10. 10. MORPHOLOGY OF STAGES • C. ADULT A translucent white worm with a smooth cuticle. The head is rounded and separated from the body by a neck-like constriction. In females the tail tapers gradually and is rounded at the tip, while in males the tail curves ventrally. Males and females live coiled together. Females vary in length from 30- 100 mm with a diameter ranging from 100-300 μm. Males are smaller, typically half the size of females.
  11. 11. LIFE CYCLE
  12. 12. DISEASES AND SYMPTOMS Lymphatic Filariasis is a parasitic disease caused by microscopic, thread-like worms. The adult worms only live in the human lymph system. The lymph system maintains the body's fluid balance and fights infections.
  13. 13. DISEASES AND SYMPTOMS • The disease spreads from person to person by mosquito bites. When a mosquito bites a person who has lymphatic filariasis, microscopic worms circulating in the person's blood enter and infect the mosquito. People get lymphatic filariasis from the bite of an infected mosquito. The microscopic worms pass from the mosquito through the skin, and travel to the lymph vessels. In the lymph vessels they grow into adults. An adult worm lives for about 5–7 years. The adult worms mate and release millions of microscopic worms, called microfilariae, into the blood. People with the worms in their blood can give the infection to others through mosquitoes.
  14. 14. DISEASES AND SYMPTOMS • Although the parasite damages the lymph system, most infected people have no symptoms and will never develop clinical symptoms. These people do not know they have lymphatic filariasis unless tested.
  15. 15. DISEASES AND SYMPTOMS • • A small percentage of persons will develop lymphedema. This is caused by fluid collection because of improper functioning of the lymph system resulting in swelling. This mostly affects the legs, but can also occur in the arms, breasts, and genitalia. Most people develop these symptoms years after being infected.
  16. 16. DISEASES AND SYMPTOMS Elephantiasis The swelling and the decreased function of the lymph system make it difficult for the body to fight germs and infections. These people will have more bacterial infections in the skin and lymph system. This causes hardening and thickening of the skin, which is called elephantiasis. Many of these bacterial infections can be prevented with appropriate skin hygiene and exercise.
  17. 17. DISEASES AND SYMPTOMS
  18. 18. DISEASES AND SYMPTOMS Hydrocele/ Scrotal Swelling
  19. 19. DISEASES AND SYMPTOMS Kidney Damage This will lead to blood and protein loss in urine (hematuria).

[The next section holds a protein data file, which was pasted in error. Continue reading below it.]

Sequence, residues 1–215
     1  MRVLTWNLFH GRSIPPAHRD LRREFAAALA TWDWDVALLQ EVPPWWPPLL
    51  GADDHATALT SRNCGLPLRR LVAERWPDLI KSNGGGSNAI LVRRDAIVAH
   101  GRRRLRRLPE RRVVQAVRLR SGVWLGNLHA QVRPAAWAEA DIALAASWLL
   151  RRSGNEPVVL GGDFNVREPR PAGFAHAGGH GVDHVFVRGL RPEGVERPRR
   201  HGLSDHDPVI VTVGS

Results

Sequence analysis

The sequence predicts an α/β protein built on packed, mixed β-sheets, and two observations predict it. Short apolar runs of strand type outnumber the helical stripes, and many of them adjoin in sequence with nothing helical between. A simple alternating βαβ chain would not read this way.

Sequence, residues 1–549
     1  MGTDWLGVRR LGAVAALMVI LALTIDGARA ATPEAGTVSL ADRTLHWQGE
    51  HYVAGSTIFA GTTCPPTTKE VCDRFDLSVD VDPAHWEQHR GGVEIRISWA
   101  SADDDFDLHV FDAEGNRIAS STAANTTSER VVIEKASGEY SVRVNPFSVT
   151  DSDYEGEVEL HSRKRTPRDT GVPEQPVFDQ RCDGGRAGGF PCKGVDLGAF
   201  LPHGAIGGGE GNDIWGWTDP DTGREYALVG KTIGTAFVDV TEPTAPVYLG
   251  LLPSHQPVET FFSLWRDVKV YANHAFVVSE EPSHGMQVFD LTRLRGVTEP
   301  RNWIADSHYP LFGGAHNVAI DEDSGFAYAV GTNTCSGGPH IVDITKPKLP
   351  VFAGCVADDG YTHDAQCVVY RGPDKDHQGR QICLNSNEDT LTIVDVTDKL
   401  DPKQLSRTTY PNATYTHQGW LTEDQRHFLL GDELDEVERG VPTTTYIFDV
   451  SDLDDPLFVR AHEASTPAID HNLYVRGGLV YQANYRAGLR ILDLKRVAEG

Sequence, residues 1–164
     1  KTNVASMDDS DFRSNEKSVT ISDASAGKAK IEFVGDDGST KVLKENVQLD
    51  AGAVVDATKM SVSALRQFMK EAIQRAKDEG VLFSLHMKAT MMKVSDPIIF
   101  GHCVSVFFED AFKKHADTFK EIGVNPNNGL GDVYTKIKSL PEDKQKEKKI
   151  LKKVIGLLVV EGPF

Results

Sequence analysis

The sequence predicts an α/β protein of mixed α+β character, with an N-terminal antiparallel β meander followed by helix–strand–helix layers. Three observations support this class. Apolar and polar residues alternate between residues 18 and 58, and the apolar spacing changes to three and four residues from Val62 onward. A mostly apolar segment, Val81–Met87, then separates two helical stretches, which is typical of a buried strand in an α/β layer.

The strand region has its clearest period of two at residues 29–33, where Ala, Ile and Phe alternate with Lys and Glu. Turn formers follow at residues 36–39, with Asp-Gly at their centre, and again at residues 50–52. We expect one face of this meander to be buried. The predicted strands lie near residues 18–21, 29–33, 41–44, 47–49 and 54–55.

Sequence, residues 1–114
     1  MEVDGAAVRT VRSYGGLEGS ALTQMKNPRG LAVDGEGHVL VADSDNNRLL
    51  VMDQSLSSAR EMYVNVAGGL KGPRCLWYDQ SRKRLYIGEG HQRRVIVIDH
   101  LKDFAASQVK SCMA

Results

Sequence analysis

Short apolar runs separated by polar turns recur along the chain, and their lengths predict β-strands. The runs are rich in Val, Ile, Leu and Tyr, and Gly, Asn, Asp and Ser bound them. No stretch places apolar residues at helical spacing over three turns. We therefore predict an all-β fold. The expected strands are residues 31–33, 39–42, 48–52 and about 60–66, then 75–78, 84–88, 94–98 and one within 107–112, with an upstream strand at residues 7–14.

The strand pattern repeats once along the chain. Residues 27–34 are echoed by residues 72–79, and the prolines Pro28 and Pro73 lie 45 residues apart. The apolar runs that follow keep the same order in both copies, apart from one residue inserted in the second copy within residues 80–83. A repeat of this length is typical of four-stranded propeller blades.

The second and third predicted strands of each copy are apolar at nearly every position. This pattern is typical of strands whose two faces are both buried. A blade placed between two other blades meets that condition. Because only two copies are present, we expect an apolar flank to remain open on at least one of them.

20. 20. DISEASES AND SYMPTOMS Tropical Pulmonary Eosinophilia Syndrome This syndrome is typically found in persons living with the disease in Asia. Symptoms of tropical pulmonary eosinophilia syndrome include cough, shortness of breath, and wheezing. The eosinophilia is often accompanied by high levels of IgE (Immunoglobulin E) and antifilarial antibodies.
  21. 21. DIAGNOSIS 1. Night Blood Sampling 1.1. Collect blood specimen from 8 pm to 4 am – Thick Smear (Giemsa or H&E) 1.2. Microscopic examination for microfilariae 1.3. Concentration Technique (increased sensitivity) 2. Antigen-detection (ELISA) to detect CFA (circulating filarial antigen) “Gold Standard”
  22. 22. DIAGNOSIS 3. Search for microfilaria in chylous urine, lymph exudates and hydrocoele fluid. 4. Search for adult worm 4.1. Lymph node biopsy 4.2. X-Ray (calcified worm) 4.3. Ultrasonography (dancing worm/filarial dance sign) 5. Xenodiagnosis -mosquito stomach blood, not very helpful
  23. 23. TREATMENT • Antifilarial Drugs a. Diethylcarbamazine (DEC) Dosage: 6 mg/kg/day for 12 days b. Ivermectin Dosage: single oral dose of 150 ug/kg body weight c. Combination of 2 =better results
  24. 24. TREATMENT General Measures: 1. Rest 2. Antibiotics 3. Antifungal 4. Physiotherapy 5. Bandaging Elephantiasis Elephantoid tissues can be corrected surgically.
  25. 25. PREVENTION AND CONTROL Avoiding mosquito bites is the best form of prevention. The mosquitoes that carry the microscopic worms usually bite between the hours of dusk and dawn. If you live in or travel to an area with lymphatic filariasis: 1. Sleep under a mosquito net. 2. Wear long sleeves and trousers. 3. Use mosquito repellent on exposed skin between dusk and dawn.
  26. 26. PREVENTION AND CONTROL Even after the adult worms die, lymphedema can develop. You can ask your physician for a referral to see a lymphedema therapist for specialized care. Prevent the lymphedema from getting worse by following several basic principles: 1. Carefully wash the swollen area with soap and water every day. 2. Elevate and exercise the swollen arm or leg to move the fluid and improve the lymph flow. 3. Disinfect any wounds. Use antibacterial or antifungal cream if necessary.
  27. 27. LINKS TO SOURCES • http://bioweb.uwlax.edu/bio203/s2008/krout_bria/• http://www.cdc.gov/parasites/lymphaticfilariasis/• https://uqu.edu.sa/files2/tiny_mce/plugins/filemanager/
  28. 28. THE END